Why a Killing in Yemen Threatens to Escalate War

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Saudi fighter planes bombed the presidential palace in Sana’a for the first time in almost three years of war. 

Photographer: Anadolu Agency via Getty Images

Switching sides in a war often carries extreme risk, and former Yemeni President Ali Abdullah Saleh has paid with his life. Days after Saleh turned his back on an alliance with Yemen’s Houthi rebels, he’s been killed at their hands. His death came as Saudi Arabia appeared to be trying to tip Yemen’s civil war in its favor by splitting Saleh’s fighters from the Houthis, and could prompt an escalation of the Saudi-led bombing campaign. The rebels must regroup with reduced firepower, but they appear far from ready to give up. The future probably holds more misery for ordinary Yemenis already facing a humanitarian catastrophe.

1. Why might the fighting worsen?

Some analysts expect the Saudis to respond to Saleh’s killing, and the Houthis to react to his betrayal, with intensified belligerence. One option for the Houthis would be to attempt to get more support from Iran, which has assisted the rebels. “For the Saudis, the gloves will really be off,” predicts Peter Salisbury at London’s Chatham House think tank. Saudi fighter planes bombed the presidential palace in Sana’a for the first time in almost three years of war. As it is, human rights groups have documented repeated cases of the Saudi-led coalition bombing civilian targets, including schools and hospitals. Plus, Saleh’s death adds a new layer of revenge to the conflict. Violence could now spread across north Yemen, which borders Saudi Arabia and where both Saleh and the Houthis have allies among local tribes.

2. What’s the war about?

The Houthi rebels took control of the capital Sana’a in 2014 in opposition to the policies of President Abdurabuh Mansur Hadi. He’d been installed under a U.S. and Saudi-backed transition accord after an Arab Spring revolt forced Saleh to step down in 2012. Yemen had little tradition of Shiite-Sunni sectarianism, but outside powers chose sides along those lines. Sunni-majority Saudi Arabia has supported Hadi, a Sunni, and Shiite-majority Iran has aided the Houthis, who are members of the Zaidi branch of Shiite Islam. The war has become part of the struggle for regional influence between Saudi Arabia and Iran.

3. So the Houthis and Saleh were natural allies?

No. In fact, the former president had battled the rebels during his more than two decades in power. The Houthis were motivated by concerns that their community was being marginalized, an old complaint. The civil-war alliance between the Houthis and Saleh loyalists was always tenuous. Many saw it as a marriage of convenience -- motivated on Saleh’s part by a wish to regain the presidency and on the Houthis’ part by the reinforcement provided by Saleh’s loyalists.

4. What will Saleh loyalists do now?

Many could defect to the government’s side, costing the rebels significant manpower. Still, the Houthis retain a core of dedicated stalwarts, and that has been the key to their endurance, according to Adam Baron, visiting fellow at the European Council on Foreign Relations. Their power, even without the support of Saleh’s fighters and supplies, shouldn’t be underestimated, Baron said.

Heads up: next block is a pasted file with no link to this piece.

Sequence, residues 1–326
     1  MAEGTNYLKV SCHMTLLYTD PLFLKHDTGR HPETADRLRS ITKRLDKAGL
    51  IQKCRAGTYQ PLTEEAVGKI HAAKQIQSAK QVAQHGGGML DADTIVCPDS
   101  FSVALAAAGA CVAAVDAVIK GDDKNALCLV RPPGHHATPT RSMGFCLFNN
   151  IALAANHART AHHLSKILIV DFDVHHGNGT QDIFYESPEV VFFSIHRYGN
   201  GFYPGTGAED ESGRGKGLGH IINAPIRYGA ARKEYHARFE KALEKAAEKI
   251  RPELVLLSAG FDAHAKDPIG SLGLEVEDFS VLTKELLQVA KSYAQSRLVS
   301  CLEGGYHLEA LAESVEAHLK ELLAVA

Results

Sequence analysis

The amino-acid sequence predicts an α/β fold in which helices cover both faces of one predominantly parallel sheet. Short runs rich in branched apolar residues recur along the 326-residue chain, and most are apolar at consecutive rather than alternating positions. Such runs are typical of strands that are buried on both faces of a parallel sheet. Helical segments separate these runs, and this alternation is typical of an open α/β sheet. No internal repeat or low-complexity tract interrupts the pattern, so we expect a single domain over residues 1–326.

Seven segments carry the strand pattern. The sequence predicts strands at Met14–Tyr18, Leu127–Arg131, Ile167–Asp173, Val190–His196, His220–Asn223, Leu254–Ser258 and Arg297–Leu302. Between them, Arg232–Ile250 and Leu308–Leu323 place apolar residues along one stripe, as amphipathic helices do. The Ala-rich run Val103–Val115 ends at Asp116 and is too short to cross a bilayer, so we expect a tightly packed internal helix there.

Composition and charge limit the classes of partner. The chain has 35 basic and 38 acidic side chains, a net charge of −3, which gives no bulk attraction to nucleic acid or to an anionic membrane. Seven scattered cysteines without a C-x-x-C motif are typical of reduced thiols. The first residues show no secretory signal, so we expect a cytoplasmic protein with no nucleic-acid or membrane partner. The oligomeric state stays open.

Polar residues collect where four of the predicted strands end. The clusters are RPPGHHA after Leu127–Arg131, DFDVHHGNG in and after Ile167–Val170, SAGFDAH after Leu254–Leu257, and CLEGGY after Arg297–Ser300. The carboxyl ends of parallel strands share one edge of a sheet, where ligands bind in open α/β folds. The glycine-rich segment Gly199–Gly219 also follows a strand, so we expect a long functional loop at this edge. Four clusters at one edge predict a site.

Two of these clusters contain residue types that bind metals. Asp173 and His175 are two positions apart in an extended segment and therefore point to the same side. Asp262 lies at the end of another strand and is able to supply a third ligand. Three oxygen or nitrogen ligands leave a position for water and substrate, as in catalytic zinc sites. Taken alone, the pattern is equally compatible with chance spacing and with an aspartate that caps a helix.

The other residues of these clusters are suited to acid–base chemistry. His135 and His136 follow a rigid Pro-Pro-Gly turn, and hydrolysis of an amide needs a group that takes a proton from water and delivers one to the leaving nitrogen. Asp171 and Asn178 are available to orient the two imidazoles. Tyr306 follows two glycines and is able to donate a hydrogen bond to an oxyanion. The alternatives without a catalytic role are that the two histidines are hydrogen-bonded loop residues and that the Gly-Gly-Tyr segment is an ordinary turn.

5. Can the Saudis win the war for Hadi?

The Saudi-led intervention has reduced the territory under the rebels’ control but has failed to dislodge them from the capital and other parts of northern Yemen. The coalition has largely relied on airstrikes, deploying only limited ground forces. Using that strategy, Joost Hiltermann, an analyst at International Crisis Group, sees little chance of the coalition achieving military victory.

6. Could negotiations produce a peace agreement?

So far, intermittent talks sponsored by the United Nations have not borne fruit. The Houthis have ruled out restoring Hadi to power, as the Saudis wish. It’s possible the dissolution of the Houthis’ alliance with Saleh’s fighters will soften their position.

7. What of the Saleh family?

One key question is can anyone take Saleh’s place and rally his forces, according to Miriam Eps, regional security analyst at Manama-based risk management consultancy Le Beck International. His son Ahmed, a former commander of the Yemeni Republican Guard, is one potential candidate, she said, but is thought to be out of the country.

8. What’s at stake for Yemen’s people?

The war has already produced what the United Nations calls the world’s biggest humanitarian crisis. At least 14,000 people have been killed or wounded since the Saudi-led offensive began in March 2015. The UN has called on the coalition to lift a blockade of Yemen’s Red Sea ports that has raised the threat of widespread famine; two out of three Yemenis struggle to get enough food to survive. Nearly 1 million people have contracted cholera, and 3 million, out of a population of 28 million, are internally displaced, according to the UN. Yemen was already the poorest country in the Middle East.

The Reference Shelf

  • An International Crisis Group paper “The Huthis: From Saada to Sanaa.”
  • A Bloomberg QuickTake on the Yemen civil war.
  • A Congressional Research Service report “Yemen: Civil War and Regional Intervention.”
  • Gregory D. Johnsen’s book “The Last Refuge: Yemen, al-Qaeda and America’s War in Arabia.”


— With assistance by Lin Noueihed, Zainab Fattah, and Ahmed Feteha

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